FIG. 6 shows a third embodiment of the invention. This embodiment uses a triangular ring laser gyroscope similar to the ring lasers shown in FIGS. 1 and 5. Cavity length control circuitry adjusts the piezoelectric stack to create a maximum intensity output signal from the ring laser gyroscope. The two opposing primary modes propagating in the cavity along path 22 have frequencies tuned substantially to the peak of the laser gain curve 44 of FIGS. 2 and 3.
In the device shown in FIG. 6, one perturbing secondary mode is introduced in the ring laser cavity. To obtain the secondary mode, a portion of the counterclockwise primary mode in path 22 passes through the partially transmitting dielectric mirror 88 then through a directional isolator 90. Such directional isolators are well known in the art and operate to change the angle of polarization of the traveling waves passing through it. The mode 102 then strikes the dielectric mirror 92 which is oscillated by a piezoelectric stack 94. Oscillation circuitry 104 drives the piezoelectric stack 94, at an angular frequency ω, to oscillate mirror 92. The mirror oscillation frequency modulates the frequency of mode 102. The modulated signal is deflected from dielectric mirror 98 and reinjected through the partly transmitting mirror 88 into the ring laser path. The frequency modulated wave produces the antilock-in dithering effect c cos ωt on ψ.
The magnitude of the frequency modulated signal 102 which reenters the cavity is proportional to c, and the c term amplitude is controlled by controlling the magnitude of 102. This magnitude of 102 may be controlled by controlling the transmittance of the partly transmitting dielectric mirror 88. The ω term in the difference frequency equation is easily controlled by varying or controlling the frequency of oscillation generated in the circuitry 104. Therefore, by controlling the magnitude and frequency of oscillation of mode 102 when it reenters the laser cavity, the effects of lock-in are substantially diminished.
A polarizer 96 disposed in the path of mode 102 allows beams of one sense of polarization to pass through while blocking out beams having a different sense of polarization. Polarizer 96 is adjusted to allow beam 102 to pass through. Since the direction isolator 90 has changed the sense of polarization of mode 102, portions of the clockwise propagating principal mode which pass through mirror 88 have different polarization and are blocked out by the polarizer 96.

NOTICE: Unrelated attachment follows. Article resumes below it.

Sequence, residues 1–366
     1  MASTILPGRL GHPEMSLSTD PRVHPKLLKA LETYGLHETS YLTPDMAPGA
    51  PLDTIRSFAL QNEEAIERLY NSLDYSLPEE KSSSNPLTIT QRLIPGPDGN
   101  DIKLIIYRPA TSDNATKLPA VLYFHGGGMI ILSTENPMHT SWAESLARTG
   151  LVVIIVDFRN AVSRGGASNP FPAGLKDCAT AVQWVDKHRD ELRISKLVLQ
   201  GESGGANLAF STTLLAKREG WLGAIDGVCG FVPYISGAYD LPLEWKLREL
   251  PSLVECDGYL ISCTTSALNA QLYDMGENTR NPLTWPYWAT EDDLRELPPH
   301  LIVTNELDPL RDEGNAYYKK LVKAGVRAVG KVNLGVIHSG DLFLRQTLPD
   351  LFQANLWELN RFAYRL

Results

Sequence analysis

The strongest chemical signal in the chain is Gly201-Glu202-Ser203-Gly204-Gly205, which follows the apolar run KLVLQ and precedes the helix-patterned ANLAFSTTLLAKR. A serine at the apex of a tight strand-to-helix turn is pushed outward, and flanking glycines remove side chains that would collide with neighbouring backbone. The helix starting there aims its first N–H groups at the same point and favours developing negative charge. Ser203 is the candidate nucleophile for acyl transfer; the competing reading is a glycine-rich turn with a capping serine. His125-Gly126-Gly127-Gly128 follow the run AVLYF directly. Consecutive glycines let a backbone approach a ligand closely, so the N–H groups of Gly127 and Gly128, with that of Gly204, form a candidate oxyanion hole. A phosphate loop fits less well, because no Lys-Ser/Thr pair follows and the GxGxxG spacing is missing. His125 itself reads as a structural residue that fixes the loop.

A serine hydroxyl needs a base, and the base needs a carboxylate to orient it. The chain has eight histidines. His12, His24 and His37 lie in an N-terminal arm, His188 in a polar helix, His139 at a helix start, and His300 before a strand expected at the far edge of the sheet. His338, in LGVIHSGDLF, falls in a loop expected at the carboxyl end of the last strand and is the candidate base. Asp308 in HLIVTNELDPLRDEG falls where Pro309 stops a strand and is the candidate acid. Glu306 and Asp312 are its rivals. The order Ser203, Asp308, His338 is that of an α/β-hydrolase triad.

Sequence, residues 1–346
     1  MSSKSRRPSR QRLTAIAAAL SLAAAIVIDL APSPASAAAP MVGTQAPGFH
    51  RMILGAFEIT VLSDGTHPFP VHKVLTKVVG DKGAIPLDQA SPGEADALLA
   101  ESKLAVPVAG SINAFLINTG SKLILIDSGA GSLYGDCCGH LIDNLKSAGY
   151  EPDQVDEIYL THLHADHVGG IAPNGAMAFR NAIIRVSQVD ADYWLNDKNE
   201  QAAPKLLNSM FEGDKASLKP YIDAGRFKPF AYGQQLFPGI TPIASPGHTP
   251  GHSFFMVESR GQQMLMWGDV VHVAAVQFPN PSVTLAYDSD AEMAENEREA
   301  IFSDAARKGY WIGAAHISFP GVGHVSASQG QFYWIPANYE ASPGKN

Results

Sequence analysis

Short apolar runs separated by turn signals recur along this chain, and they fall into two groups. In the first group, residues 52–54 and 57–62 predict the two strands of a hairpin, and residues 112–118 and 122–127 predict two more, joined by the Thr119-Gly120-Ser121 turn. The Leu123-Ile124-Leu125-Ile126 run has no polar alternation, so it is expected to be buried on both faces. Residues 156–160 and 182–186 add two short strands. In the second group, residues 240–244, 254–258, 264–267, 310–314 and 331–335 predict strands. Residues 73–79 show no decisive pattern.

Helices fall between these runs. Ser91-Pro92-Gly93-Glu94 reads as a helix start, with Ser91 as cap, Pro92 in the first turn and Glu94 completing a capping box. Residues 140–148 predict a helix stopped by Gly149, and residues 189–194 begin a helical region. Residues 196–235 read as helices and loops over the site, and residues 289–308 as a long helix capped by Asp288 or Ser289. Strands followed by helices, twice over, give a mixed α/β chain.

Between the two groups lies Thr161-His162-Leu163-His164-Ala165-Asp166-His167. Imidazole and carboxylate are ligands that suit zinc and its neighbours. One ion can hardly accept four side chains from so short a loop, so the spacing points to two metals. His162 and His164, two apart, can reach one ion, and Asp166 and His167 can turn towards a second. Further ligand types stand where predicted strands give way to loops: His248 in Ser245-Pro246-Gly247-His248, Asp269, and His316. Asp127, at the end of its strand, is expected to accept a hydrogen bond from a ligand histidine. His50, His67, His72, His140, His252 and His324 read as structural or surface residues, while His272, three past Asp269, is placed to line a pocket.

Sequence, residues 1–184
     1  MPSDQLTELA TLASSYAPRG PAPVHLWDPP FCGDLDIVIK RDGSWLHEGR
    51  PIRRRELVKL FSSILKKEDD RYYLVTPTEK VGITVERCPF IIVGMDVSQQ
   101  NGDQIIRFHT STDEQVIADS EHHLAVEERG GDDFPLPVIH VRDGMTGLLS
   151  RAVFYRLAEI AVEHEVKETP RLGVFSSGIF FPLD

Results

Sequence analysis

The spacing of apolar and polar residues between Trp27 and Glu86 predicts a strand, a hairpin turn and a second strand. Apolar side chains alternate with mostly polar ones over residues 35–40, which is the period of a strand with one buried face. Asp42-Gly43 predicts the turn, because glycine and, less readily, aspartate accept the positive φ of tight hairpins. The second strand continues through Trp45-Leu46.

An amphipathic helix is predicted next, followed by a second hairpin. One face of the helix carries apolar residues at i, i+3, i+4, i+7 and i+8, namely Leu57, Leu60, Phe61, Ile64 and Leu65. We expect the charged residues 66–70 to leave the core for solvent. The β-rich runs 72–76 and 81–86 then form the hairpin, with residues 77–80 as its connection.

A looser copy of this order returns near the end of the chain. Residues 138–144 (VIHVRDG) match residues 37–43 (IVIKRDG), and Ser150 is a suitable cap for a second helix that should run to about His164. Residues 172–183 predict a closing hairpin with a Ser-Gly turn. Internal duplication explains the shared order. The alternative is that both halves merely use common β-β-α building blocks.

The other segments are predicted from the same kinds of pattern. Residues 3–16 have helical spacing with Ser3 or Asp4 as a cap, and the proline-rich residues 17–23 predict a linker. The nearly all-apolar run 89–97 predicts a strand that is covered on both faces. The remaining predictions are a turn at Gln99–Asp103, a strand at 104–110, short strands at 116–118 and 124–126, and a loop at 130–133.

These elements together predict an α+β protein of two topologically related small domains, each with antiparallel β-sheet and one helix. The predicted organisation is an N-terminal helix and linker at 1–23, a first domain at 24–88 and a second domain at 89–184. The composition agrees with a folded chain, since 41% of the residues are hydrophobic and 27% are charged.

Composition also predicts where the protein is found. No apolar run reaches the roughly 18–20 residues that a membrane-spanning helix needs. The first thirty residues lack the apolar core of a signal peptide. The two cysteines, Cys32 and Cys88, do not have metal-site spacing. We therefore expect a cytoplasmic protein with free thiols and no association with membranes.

Changes may be made to the above described embodiments of my invention and still be within its scope and spirit. Examples of such changes include, but are not limited to, using a rectangular shaped ring laser path, using means other than piezoelectric stacks for oscillating dielectric mirrors, using alternate cavity length control apparatus, using no cavity length control device, and using different means for combining and processing primary counterpropagating beams to obtain rotational information.
|Cited Patent||Filing date||Publication date||Applicant||Title|
|US3697181 *||Mar 14, 1967||Oct 10, 1972||Sperry Rand Corp||Ring laser having amplitude and phase controlled crossed-beam anti-locking feedback|
|US3862803 *||Sep 27, 1968||Jan 28, 1975||United Aircraft Corp||Differential laser gyro system|
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|Citing Patent||Filing date||Publication date||Applicant||Title|
|US4884283 *||Dec 20, 1988||Nov 28, 1989||Litton Systems, Inc.||Ring laser gyroscope mirror orientation system and method|
|US4968136 *||Sep 2, 1988||Nov 6, 1990||Northrop Corporation||Ring laser gyro and magnetic mirror therefor|
|US5137358 *||Feb 5, 1991||Aug 11, 1992||Northrop Corporation||Ring laser gyro having two magnetic mirrors|
|US5305085 *||Sep 22, 1988||Apr 19, 1994||Litton Systems, Inc.||Radio frequency excited ring laser gyroscope with common induction coil|
|US5442441 *||Oct 15, 1991||Aug 15, 1995||Litton Systems, Inc.||Radio frequency excited ring laser gyro|
|US5663792 *||Feb 9, 1996||Sep 2, 1997||Killpatrick; Joseph E.||Transverse mode selected operation for a ring laser|
|WO1986001947A1 *||Sep 9, 1985||Mar 27, 1986||Litton Systems Inc||A system for reducing the sensitivity of a ring laser gyro to changes in magnetic field|
|U.S. Classification||356/473, 372/94|
|Cooperative Classification||H01S3/083, G01C19/68|
|Mar 23, 1981||AS||Assignment|
Owner name: LITTON SYSTEMS, INC., 360 NORTH CRESCENT DRIVE, BE
Free format text: ASSIGNMENT OF ASSIGNORS INTEREST.;ASSIGNOR:SANDERS VIRGIL E.;REEL/FRAME:003854/0224
Effective date: 19810319
|Jul 7, 1988||FPAY||Fee payment|
Year of fee payment: 4
|Jul 20, 1992||FPAY||Fee payment|
Year of fee payment: 8
|Jan 14, 1997||REMI||Maintenance fee reminder mailed|
|Jun 8, 1997||LAPS||Lapse for failure to pay maintenance fees|
|Aug 19, 1997||FP||Expired due to failure to pay maintenance fee|
Effective date: 19970611